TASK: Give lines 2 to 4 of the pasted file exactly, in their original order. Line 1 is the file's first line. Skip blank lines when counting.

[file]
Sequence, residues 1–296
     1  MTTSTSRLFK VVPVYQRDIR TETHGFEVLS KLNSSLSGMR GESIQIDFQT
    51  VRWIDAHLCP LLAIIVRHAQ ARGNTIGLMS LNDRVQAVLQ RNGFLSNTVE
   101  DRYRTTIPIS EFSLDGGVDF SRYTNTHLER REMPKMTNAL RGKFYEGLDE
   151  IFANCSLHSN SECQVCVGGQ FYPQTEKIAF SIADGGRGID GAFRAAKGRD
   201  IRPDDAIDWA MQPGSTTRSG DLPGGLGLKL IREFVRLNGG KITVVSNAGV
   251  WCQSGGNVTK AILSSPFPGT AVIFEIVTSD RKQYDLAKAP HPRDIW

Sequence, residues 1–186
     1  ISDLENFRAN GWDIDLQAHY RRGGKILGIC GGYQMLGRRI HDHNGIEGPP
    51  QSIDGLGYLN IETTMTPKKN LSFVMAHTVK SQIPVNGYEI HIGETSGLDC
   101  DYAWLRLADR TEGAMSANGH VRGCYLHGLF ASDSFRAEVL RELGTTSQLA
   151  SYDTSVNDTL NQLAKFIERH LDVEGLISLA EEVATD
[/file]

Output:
     1  MTTSTSRLFK VVPVYQRDIR TETHGFEVLS KLNSSLSGMR GESIQIDFQT
    51  VRWIDAHLCP LLAIIVRHAQ ARGNTIGLMS LNDRVQAVLQ RNGFLSNTVE
   101  DRYRTTIPIS EFSLDGGVDF SRYTNTHLER REMPKMTNAL RGKFYEGLDE